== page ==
Raymond Williams


Raymond Williams : biography

31 August 1921 – 26 January 1988

He was part of the fighting from Normandy in 1944 through Belgium and Holland to Germany in 1945, where he was involved in the liberation of one of the smaller Nazi concentration camps, which was afterwards used to detain SS officers. He was also shocked to find that Hamburg had suffered saturation bombing by the Royal Air Force, not just of military targets and docks as they had been told.

Adult education

He received his M.A. from Trinity College, Cambridge in 1946 and then served as a tutor in adult education at the University of Oxford for several years.Politics and Letters: Interviews with New Left Review. Page 12 In 1951 he was recalled to the army as a reservist to fight in the Korean War. He refused to go, and registered as a conscientious objector.

Early publications

He made his reputation with Culture and Society, published in 1958, which was an immediate success. This was followed in 1961 by The Long Revolution. Williams’s writings were taken up by the New Left and received a wide readership. He was also well known as a regular book reviewer for the Manchester Guardian newspaper. His years in adult education were an important experience and Williams was always something of an outsider at Cambridge University. Asked to contribute to a book called My Cambridge, he began his essay by saying, "It was never my Cambridge. That was clear from the start".My Oxford, My Cambridge (ed. Ann Thwaite, 1979)

Academic career

Raymond Williams in 1972 On the strength of his books, Williams was invited to return to Cambridge in 1961,Ward, J. P. Raymond Williams. Page 8 eventually becoming Professor of Drama there (1974–1983). He was Visiting Professor of Political Science at Stanford University in 1973, an experience that he used to good effect in his still useful book Television: Technology and Cultural Form (1974). A committed socialist, he was greatly interested in the relationships between language, literature, and society and published many books, essays and articles on these and other issues. Among the most important is The Country and the City (1973), in which chapters about literature alternate with chapters of social history. His tightly written Marxism and Literature (1977) is mainly for specialists, but it also sets out his own approach to cultural studies, which he called cultural materialism. This book was in part a response to structuralism in literary studies and pressure on Williams to make a more theoretical statement of his own position against criticisms that it was a humanist Marxism, based on unexamined assumptions about lived experience. He makes considerable use of the ideas of Antonio Gramsci, though the book is uniquely Williams’ and written in his own characteristic voice. For a more accessible version, see Culture (1981/1982), which develops an important argument about cultural sociology, which he hoped would become "a new major discipline".Raymond Williams, Culture (London: Fontana, 1981), p.233. Introducing the US edition, Bruce Robbins identifies this book as "an implicit self-critique" of Williams’s earlier ideas, and a basis on which "to conceive the oppositionality of the critic in a permanently fragmented society"Bruce Robbins, "Foreword", The Sociology of Culture (Chicago: University of Chicago Press, 1995), p.xi.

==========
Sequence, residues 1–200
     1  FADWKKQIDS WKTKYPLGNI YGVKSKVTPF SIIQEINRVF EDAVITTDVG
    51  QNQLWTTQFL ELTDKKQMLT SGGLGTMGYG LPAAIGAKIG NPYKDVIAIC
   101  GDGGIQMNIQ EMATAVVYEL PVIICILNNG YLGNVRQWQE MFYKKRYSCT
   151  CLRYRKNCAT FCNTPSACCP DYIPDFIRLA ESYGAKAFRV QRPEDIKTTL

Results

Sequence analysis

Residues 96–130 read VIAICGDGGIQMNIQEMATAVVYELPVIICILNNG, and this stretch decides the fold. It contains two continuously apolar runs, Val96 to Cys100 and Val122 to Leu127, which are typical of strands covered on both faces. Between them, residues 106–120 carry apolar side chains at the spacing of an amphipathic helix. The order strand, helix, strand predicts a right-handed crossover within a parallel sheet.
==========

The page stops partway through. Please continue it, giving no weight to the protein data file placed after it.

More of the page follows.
Concepts and theory


Williams was concerned to establish the changing meanings of the vocabulary used in discussions of culture. He began with the word culture itself, and his notes on sixty significant but often difficult words were to have appeared as an appendix to Culture and Society in 1958. This was not possible, and an extended version, with notes and short essays on 110 words, appeared as Keywords in 1976. Words examined include “Aesthetic”, “Bourgeois”, “Culture”, “Hegemony”, “Isms”, “Organic”, “Romantic”, “Status”, “Violence” and “Work”. A revised version in 1983 added twenty-one new words, including "Anarchism", "Ecology", "Liberation"and "Sex". Williams wrote that The Oxford English Dictionary (OED) “is primarily philological and etymological”, whilst his work was on “meanings and contexts”.Raymond Williams, Keywords: A Vocabulary of Culture and Society (London: Fontana/Croom Helm, 1976), p.16. In 1981 Williams published Culture, in which the term is given extended discussion. Here it is defined as “a realized signifying system”,Raymond Williams, Culture (London: Fontana, 1981), p.207. Published in the US in 1987 by Schocken, and in 1995 by Chicago University Press as The Sociology of Culture. and is supported by chapters discussing “the means of cultural production, and the process of cultural reproduction” (206).